Inhibition of ongoing allergic reactions using a novel anti-IgE DARPin-Fc fusion protein


  • Edited by: Reto Crameri

Dr. Monique Vogel, University Institute of Immunology, University of Bern, Inselspital, Sahlihaus 2, 3010, Bern, Switzerland.
Tel.: +41 (0)31 632 03 34
Fax: +41 (0)31 381 57 35


To cite this article: Eggel A, Buschor P, Baumann MJ, Amstutz P, Stadler BM, Vogel M. Inhibition of ongoing allergic reactions using a novel anti-IgE DARPin-Fc fusion protein. Allergy 2011; 66: 961–968.


Background:  Aggregation of the high-affinity IgE receptor (FcεRI) with the low-affinity IgG receptor (FcγRIIb) on basophils or mast cells has been shown to inhibit allergen-induced cell degranulation. Molecules cross-linking these two receptors might therefore be of interest for the treatment of allergic disorders. Here, we demonstrate the generation of a novel bispecific fusion protein efficiently aggregating FcεRI-bound IgE with FcγRIIb on the surface of basophils to prevent pro-inflammatory mediator release.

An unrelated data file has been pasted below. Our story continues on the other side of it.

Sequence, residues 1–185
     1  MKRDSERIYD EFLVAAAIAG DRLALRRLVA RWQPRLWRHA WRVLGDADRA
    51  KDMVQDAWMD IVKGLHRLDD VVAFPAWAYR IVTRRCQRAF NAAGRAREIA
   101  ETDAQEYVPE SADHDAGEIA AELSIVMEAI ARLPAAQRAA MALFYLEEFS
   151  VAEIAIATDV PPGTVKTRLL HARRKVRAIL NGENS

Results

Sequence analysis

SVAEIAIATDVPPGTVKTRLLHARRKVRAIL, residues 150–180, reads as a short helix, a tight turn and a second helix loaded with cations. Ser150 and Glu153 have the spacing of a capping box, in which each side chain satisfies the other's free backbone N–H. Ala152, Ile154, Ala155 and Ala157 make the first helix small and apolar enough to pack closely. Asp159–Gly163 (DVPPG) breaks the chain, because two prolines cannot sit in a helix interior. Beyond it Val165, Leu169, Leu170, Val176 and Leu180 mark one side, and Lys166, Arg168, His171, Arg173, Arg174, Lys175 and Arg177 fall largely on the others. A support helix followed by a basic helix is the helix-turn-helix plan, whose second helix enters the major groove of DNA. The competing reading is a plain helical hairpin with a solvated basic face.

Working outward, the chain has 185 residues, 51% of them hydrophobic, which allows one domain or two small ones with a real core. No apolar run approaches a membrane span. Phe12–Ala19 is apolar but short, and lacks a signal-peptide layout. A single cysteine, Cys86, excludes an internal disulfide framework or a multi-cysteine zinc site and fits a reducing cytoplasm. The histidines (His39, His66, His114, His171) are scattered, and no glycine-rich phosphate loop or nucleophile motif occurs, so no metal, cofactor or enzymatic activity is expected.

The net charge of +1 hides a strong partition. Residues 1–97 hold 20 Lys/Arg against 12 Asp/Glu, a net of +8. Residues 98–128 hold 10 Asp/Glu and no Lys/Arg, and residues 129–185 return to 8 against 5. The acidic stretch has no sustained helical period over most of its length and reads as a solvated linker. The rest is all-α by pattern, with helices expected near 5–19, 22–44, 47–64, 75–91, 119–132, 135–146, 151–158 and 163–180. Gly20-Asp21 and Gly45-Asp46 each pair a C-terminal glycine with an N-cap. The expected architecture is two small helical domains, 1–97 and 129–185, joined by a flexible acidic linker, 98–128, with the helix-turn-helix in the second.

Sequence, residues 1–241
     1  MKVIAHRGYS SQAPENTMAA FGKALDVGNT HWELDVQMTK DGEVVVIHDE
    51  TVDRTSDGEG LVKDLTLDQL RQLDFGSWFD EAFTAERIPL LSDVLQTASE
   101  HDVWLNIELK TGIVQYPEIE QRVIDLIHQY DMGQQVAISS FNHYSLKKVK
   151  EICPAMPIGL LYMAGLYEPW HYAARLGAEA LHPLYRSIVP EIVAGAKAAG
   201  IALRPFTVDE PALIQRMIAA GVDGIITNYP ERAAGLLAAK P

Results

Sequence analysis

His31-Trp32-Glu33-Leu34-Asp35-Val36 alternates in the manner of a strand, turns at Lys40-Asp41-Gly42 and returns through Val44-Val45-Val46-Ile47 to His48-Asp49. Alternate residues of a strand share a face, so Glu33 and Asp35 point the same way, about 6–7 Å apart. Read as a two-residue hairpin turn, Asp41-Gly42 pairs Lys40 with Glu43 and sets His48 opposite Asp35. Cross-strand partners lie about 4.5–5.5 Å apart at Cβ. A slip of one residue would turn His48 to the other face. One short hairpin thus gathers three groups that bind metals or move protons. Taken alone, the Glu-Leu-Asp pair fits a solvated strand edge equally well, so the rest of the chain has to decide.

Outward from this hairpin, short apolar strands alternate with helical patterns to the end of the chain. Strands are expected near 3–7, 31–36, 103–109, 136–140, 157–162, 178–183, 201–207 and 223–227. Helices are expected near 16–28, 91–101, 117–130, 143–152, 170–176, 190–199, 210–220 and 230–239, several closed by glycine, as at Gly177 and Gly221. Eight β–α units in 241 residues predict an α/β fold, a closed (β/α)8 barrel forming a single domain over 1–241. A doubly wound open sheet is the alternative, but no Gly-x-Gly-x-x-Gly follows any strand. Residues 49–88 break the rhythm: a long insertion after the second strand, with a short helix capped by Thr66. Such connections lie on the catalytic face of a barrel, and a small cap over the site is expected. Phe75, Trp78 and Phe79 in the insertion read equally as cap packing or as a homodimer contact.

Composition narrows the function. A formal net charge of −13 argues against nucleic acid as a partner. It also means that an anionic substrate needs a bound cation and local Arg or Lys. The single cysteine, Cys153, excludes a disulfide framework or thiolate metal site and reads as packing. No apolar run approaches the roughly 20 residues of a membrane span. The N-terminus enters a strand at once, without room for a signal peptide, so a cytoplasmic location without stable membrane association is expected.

Methods:  Alternative binding molecules recognizing receptor-bound human IgE were selected from DARPin (designed ankyrin repeat protein) libraries. One of the selected DARPins was linked to the Fc-part of a human IgG1 antibody for binding to FcγRIIb.

Results:  The resulting anti-IgE DARPin-Fc fusion protein was not anaphylactogenic and inhibited allergen-induced basophil activation in whole blood assays. Both binding moieties of the fusion protein, namely the anti-IgE DARPin as well as the IgG1 Fc-part, were required to achieve this inhibitory effect. Most importantly, inhibition was faster and more efficient than with Omalizumab, a humanized anti-IgE antibody currently used for the treatment of severe asthma.

Conclusion:  This novel anti-IgE DARPin-Fc fusion protein might represent a potential drug candidate for preventive or immediate treatment of allergic reactions.